Soprano Patricia Racette, who first worked with Griffey in San Francisco in 1997, sang the role of Ellen Orford, Grimes' love interest, and she is no less enthusiastic. "He has a very sweet sound," she says, "and he sings with a lot of color. He's also very generous and not caught up in the pomp and circumstance of our profession. He's lovely and funny and sweet."
During the "Grimes" run, Griffey lived in the Manhattan studio of L.A. Opera music director James Conlon, who conducted the "Mahagonny" performances, and it was there that the tenor, reputedly shy despite being 6-feet-4 and burly, sat down to discuss his career. He seemed relaxed, answering the door in stocking feet, and soon made himself comfortable on a small sofa.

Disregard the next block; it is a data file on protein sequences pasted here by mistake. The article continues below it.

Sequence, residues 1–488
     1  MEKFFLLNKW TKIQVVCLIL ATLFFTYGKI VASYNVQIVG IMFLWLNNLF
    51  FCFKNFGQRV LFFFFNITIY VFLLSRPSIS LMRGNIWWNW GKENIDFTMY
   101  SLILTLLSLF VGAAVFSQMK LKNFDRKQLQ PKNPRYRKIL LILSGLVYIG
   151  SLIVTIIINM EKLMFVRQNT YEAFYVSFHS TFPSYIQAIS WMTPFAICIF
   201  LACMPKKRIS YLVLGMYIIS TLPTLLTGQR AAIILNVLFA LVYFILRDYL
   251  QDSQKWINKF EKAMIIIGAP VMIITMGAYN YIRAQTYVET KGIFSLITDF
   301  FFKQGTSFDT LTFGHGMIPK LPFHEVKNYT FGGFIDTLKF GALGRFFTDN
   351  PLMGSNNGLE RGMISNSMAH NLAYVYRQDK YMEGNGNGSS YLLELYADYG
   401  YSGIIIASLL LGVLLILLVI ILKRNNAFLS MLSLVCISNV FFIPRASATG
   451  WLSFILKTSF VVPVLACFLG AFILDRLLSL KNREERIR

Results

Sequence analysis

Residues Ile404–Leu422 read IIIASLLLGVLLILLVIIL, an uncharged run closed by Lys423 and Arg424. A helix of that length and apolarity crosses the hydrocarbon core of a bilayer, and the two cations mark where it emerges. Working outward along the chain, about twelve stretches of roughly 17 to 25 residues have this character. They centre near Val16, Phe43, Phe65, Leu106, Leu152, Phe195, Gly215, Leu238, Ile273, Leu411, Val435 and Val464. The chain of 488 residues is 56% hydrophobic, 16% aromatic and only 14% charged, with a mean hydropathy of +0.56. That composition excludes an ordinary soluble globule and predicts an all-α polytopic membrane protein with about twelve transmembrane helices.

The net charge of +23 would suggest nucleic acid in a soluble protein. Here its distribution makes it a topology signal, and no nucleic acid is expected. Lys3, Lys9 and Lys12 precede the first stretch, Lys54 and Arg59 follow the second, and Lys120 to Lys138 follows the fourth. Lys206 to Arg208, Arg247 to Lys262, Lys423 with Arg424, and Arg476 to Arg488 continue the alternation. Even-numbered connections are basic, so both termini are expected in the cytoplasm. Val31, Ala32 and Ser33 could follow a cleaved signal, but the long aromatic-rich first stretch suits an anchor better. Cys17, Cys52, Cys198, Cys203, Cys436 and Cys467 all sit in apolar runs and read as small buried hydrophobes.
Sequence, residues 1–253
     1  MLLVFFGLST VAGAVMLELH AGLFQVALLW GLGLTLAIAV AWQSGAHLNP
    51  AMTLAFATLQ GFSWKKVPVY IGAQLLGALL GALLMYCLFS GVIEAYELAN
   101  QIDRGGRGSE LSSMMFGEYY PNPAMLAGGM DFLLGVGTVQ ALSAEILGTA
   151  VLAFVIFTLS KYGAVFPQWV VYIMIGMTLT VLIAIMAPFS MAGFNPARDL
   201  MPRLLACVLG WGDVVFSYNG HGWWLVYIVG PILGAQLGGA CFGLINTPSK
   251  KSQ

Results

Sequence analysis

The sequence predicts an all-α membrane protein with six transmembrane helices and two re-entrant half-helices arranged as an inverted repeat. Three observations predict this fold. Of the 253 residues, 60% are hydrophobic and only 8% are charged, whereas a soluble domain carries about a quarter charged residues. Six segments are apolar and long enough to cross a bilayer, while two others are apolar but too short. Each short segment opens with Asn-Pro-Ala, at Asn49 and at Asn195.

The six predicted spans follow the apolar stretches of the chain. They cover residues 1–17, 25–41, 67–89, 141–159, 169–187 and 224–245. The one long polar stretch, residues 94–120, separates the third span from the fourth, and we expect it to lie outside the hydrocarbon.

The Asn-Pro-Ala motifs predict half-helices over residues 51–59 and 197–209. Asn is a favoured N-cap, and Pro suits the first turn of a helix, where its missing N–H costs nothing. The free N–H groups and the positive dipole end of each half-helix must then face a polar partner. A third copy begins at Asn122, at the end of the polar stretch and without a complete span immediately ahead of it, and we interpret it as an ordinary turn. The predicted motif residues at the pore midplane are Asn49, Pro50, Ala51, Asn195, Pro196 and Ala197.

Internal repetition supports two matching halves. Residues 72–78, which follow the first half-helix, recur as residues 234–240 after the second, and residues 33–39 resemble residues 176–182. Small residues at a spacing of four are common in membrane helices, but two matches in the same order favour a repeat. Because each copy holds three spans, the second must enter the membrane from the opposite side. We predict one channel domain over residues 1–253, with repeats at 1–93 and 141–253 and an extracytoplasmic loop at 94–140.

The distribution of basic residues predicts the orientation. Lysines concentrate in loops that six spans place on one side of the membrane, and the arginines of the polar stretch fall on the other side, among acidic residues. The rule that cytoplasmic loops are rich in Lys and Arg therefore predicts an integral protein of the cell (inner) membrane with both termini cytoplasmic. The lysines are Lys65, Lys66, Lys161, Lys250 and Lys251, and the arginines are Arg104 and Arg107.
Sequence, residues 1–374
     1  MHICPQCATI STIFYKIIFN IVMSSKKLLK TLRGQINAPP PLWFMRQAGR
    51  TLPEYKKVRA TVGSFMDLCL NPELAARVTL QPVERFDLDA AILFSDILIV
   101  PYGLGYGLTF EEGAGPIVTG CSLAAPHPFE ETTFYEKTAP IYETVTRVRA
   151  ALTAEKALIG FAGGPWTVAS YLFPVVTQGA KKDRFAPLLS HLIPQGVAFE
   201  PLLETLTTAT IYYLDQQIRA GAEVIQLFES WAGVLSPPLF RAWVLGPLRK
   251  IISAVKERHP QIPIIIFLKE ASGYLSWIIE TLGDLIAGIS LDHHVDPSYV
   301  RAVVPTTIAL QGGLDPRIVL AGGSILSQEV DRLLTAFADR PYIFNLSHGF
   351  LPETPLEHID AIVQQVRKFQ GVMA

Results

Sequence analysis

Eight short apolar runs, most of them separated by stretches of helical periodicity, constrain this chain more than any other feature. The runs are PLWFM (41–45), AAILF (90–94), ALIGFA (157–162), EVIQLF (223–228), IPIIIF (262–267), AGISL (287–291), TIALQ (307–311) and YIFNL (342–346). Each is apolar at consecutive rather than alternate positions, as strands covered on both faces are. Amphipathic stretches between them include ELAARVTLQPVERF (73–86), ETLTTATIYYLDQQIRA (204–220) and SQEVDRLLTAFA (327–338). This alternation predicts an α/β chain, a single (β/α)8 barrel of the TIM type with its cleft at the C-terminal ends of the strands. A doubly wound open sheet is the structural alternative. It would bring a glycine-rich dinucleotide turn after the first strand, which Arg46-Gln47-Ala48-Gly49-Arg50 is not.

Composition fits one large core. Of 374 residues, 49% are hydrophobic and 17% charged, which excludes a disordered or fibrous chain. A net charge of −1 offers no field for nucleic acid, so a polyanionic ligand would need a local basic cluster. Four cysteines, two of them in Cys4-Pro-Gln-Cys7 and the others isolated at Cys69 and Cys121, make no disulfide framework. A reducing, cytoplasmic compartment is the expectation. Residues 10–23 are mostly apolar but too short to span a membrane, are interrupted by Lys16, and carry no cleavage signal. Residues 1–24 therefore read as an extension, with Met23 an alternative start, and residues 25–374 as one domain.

Griffey is reluctant to characterize his voice, even as he acknowledges its special properties. "I would say I'm a lyric tenor if I had to classify myself," he said, "but I think people get too caught up in that. I don't even like to call myself an opera singer to the general population, because they think of Viking helmets."
He prefers just plain singer, or tenor, and was quick to point out that he values solo recitals and concert performances such as the upcoming Philharmonic dates just as much as elaborate opera productions. "Das Lied von der Erde," he said, is "storytelling at its best."
"I like the balance of being a three-pronged singer," he said. "It's a very healthy approach to my own singing and my own sanity. I couldn't have just an opera career. Recital work also combines my love of acting and singing -- it's like singing 20 mini-operas. And concert work is theater too."